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I'm working out of TY Lam's first course in noncommutative rings. I'd like to show that if $R$ is a semismiple ring, $M_n(R)$ is as well. The obvious answer to me seems to be that since $R$ is a (left) semisimple ring and $M_n(R)$ is a left $R$-module, we have $M_n(R)$ is semisimple. This follows from the fact that all left $R$-modules are semisimple if $R$ is semisimple as a ring.

What is confusing me is the section the question is occurring in. It isn't appearing with the basic properties of semisimple rings, but with the structure of semisimple rings which deals with the Wedderburn decomposition. Am I missing something and my logic is incorrect? Or is there something else going on that I'm missing? Or is it just an odd placement?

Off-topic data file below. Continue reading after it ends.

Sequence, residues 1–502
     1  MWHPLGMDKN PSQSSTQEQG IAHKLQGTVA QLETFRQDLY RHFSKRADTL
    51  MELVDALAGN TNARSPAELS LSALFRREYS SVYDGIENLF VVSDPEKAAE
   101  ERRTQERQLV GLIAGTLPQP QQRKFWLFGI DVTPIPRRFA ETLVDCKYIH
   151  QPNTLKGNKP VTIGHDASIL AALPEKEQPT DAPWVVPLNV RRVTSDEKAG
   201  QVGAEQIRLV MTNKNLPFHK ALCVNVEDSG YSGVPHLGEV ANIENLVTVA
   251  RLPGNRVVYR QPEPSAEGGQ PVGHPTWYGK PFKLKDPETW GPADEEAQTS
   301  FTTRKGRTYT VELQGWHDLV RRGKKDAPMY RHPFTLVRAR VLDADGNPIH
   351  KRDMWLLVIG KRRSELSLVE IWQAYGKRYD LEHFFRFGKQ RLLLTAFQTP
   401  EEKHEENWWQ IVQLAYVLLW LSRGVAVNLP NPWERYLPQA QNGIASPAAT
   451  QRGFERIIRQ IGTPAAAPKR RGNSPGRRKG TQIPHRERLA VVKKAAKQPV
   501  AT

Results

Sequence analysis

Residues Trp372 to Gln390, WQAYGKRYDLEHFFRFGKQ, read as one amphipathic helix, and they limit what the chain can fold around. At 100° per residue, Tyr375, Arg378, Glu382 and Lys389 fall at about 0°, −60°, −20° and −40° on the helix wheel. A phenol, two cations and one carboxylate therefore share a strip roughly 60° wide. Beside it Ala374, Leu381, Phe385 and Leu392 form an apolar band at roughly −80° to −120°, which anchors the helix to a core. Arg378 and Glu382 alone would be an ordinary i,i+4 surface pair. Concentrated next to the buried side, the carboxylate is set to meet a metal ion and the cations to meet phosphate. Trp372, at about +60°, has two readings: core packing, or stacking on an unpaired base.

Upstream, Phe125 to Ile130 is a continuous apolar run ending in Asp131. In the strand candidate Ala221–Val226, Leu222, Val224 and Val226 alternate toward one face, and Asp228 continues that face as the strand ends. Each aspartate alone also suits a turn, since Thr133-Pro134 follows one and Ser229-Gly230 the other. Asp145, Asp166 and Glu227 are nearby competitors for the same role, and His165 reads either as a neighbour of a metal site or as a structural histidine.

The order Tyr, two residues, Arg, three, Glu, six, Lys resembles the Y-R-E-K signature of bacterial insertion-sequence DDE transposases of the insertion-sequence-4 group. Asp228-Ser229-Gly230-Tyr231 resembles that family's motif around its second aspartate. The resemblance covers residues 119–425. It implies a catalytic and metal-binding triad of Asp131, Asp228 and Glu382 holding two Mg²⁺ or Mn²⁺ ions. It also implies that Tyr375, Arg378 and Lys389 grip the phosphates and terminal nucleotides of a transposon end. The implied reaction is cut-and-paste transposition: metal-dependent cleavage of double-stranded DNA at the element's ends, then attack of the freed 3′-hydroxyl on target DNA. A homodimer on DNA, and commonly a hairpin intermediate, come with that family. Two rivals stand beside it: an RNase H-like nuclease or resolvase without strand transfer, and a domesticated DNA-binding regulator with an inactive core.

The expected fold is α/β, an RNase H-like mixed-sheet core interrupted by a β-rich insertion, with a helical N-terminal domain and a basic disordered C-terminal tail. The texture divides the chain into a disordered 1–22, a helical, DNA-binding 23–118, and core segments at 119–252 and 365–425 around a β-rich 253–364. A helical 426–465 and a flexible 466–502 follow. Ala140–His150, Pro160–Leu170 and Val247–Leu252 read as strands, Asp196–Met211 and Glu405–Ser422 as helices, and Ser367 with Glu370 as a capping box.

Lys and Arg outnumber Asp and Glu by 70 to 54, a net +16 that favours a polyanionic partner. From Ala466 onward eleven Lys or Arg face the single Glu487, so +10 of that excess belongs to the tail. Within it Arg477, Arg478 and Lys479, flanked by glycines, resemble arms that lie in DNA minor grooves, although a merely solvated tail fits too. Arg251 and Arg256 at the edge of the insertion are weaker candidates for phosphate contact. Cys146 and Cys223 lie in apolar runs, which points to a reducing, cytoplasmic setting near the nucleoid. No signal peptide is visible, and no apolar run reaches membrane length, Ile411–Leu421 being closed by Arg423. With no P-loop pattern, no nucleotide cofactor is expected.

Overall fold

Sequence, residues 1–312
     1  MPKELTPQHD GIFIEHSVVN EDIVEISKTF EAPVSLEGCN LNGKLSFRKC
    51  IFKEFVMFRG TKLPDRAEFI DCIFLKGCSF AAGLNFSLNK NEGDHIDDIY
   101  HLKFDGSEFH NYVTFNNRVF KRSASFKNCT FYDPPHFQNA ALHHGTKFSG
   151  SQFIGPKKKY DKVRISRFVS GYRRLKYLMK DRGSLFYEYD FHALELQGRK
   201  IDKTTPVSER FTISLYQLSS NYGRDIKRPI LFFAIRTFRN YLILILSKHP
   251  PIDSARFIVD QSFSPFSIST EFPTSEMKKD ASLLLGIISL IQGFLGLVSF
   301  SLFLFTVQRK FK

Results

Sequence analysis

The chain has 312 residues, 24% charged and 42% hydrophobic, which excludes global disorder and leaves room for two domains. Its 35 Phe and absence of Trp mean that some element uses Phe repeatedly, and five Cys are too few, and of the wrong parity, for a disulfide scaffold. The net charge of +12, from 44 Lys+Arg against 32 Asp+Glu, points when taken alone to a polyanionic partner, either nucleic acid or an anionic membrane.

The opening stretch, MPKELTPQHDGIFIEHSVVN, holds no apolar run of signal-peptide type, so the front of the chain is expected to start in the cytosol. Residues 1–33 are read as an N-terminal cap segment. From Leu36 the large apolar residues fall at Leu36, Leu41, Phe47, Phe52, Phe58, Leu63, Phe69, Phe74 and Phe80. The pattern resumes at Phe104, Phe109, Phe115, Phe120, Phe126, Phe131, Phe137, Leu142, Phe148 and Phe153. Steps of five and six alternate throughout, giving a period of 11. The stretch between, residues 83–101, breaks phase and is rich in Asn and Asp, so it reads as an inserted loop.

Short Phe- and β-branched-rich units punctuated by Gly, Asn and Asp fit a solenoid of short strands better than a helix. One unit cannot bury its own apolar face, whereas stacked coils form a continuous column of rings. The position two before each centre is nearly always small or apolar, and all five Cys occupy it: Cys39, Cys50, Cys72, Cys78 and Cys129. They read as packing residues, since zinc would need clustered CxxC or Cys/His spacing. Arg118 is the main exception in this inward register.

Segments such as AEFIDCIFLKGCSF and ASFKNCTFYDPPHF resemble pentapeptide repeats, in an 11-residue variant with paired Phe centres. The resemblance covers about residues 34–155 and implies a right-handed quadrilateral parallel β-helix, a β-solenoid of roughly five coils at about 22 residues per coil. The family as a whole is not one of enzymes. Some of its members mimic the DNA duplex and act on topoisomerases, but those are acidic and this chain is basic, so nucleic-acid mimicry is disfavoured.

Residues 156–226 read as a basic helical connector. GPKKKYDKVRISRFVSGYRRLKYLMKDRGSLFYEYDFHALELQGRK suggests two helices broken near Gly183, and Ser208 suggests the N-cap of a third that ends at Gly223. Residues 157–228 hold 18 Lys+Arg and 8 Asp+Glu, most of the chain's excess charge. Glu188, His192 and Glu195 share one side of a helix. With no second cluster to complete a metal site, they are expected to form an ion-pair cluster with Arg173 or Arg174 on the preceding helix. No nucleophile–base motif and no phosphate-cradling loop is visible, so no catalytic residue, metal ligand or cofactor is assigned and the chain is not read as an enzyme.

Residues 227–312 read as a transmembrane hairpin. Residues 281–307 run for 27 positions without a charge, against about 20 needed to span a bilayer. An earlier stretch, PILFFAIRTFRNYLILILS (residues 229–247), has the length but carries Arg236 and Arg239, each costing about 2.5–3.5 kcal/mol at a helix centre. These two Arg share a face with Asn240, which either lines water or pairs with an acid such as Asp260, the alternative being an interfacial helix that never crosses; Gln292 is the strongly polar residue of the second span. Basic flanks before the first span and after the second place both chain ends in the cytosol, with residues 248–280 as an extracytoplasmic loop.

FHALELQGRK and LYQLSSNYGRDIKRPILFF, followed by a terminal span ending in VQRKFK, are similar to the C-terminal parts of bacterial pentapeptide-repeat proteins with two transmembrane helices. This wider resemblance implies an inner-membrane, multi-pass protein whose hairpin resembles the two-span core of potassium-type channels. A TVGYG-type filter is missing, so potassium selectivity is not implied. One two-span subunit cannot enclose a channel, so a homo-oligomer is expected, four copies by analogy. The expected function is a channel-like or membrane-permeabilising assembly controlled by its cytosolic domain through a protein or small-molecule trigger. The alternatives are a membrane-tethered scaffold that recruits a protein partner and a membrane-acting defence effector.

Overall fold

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Your argument is wrong: it proves that $M_n(R)$ is semisimple as an $R$-module, but you need instead prove that $M_n(R)$ is semisimple as an $M_n(R)$-module. Your argument would more generally claim that any algebra over a field is semisimple because a filed is semisimple, which is obviously wrong.

Probably it's possible to prove this statement correctly by analyzing the structure of $M_n(R)$-submodules of $M_n(R)$, but a very easy proof follows from the Artin-Wedderburn classification (if $R$ is a product of matrix rings $M_{k_i}(D_i)$ then $M_n(R)$ is a product of matrix rings $M_{n\cdot k_i}(D_i)$, by viewing an $(n\cdot k_i)\times(n\cdot k_i)$ matrix as a block matrix with $n\times n$ blocks)

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  • $\begingroup$ Duh, that was quite silly. Thanks for pointing that out. $\endgroup$ – Aaron Zolotor Oct 23 '18 at 20:54

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